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University of Delaware - Alfred Lerner College of Business & Economics

By Lerner July 11, 2017

In a March 2016  article published in The Hill, David Leduc and Hudson Hollister argue that fraud schemes such as Bernie Madoff’s elaborate Ponzi scheme could have been prevented if financial reporting data had been more widely shared and searchable across multiple offices at the Securities and Exchange Commission (SEC). They argue that Madoff’s deception went undetected for so long because of a data failure.

“The lack of open, searchable data hurts the agencies’ missions. It makes data analytics cumbersome and expensive. It allows frauds like Madoff’s to go undetected,” the article states.

Nearly a decade after Madoff’s conviction, the Holy Grail of financial secure data sharing remains a work in progress. Much of the progress can be traced to programs like Lerner’s Ph.D. in financial services analytics (FSAN). Courses like FINC843/FSAN843, Financial Services Regulation, explore how big data insights can be balanced with reasonable market regulation.

In a paper titled Financial Services Technology 2020 and Beyond: Embracing disruption, PricewaterhouseCoopers global financial service technology leader Julien Courbe explains that “regulators can compare scenarios and address potential issues before they become full-scale market problems” through the use of “sophisticated analytical tools on large volumes of data.”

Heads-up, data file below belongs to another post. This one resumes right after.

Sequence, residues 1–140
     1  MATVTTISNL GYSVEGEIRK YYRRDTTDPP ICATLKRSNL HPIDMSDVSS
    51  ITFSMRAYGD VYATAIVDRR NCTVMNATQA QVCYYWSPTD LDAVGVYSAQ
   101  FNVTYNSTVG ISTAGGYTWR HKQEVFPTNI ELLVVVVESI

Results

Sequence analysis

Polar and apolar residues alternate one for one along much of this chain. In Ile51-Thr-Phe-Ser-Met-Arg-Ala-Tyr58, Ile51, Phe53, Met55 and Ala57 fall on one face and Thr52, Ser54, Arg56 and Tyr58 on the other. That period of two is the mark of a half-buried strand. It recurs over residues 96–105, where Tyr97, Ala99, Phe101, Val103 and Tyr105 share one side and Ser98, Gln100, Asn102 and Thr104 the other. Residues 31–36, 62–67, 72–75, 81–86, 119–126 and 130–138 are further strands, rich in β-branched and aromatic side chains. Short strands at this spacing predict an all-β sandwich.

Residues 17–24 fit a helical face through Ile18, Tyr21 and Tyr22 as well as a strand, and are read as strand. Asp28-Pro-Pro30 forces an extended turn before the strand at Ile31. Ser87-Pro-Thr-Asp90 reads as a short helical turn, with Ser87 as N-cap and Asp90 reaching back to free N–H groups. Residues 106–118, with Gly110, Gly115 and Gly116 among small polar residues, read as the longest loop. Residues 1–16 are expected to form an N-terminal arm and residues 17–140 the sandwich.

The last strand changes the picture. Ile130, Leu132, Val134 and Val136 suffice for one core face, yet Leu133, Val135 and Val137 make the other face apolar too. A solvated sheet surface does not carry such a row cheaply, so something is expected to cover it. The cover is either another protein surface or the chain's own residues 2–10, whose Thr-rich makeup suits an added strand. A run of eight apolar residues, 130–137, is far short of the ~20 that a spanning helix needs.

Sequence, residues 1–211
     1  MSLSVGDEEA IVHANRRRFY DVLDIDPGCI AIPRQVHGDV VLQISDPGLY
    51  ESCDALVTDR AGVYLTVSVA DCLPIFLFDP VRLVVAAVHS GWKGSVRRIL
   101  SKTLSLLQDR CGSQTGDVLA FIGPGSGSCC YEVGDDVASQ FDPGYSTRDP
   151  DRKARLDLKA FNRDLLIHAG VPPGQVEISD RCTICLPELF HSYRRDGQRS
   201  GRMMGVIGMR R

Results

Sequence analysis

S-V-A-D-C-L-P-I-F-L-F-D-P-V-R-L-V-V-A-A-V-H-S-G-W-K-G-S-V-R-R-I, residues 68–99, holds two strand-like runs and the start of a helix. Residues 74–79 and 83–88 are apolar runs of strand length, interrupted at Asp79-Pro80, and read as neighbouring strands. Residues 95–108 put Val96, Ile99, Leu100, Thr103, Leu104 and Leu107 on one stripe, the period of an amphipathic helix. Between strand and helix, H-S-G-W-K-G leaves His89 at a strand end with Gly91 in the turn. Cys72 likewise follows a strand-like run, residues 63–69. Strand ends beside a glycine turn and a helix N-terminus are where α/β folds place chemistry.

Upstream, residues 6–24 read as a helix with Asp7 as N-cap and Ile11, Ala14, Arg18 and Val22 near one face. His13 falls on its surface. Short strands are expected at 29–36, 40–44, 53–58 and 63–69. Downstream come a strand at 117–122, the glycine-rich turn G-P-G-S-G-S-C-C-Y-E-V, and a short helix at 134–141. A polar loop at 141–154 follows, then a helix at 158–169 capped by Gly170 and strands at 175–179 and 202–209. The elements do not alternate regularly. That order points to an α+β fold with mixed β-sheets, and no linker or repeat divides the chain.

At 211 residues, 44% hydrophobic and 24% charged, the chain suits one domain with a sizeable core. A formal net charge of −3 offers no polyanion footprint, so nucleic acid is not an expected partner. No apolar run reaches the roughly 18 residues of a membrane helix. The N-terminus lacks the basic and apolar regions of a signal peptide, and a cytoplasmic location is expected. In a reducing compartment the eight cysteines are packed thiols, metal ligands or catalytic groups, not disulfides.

The paper gives a few examples in the United States:

  • The SEC’s Office of Compliance Inspections and Examinations (OCIE) has invested significant resources to enhance its data mining and analysis capabilities, such as its National Exam Analytics Tool, or NEAT, which combs through data to identify potential insider trading, improper allocation of investment opportunities and other infractions.
  • The Consumer Financial Protection Bureau (CFPB), which focuses on consumer protection, has invested heavily in analytics and digital technology, such as its creation of eRegulations, an online tool to help users find, research, and understand regulations.
  • CFPB has also developed Project Qu, an open source data platform that lets users query complex data about mortgage loans, combine it with other data and then summarize it.

With a new presidential administration starting the process for changing several regulations, including elements of the Dodd-Frank legislation, much of the future of financial regulation remains unresolved.

Regardless of where the debate heads in the next decade, the area of financial services analytics will need to move quickly to stay ahead of advances in technology for smarter auditing, more effective fraud detection and compliance to regulation.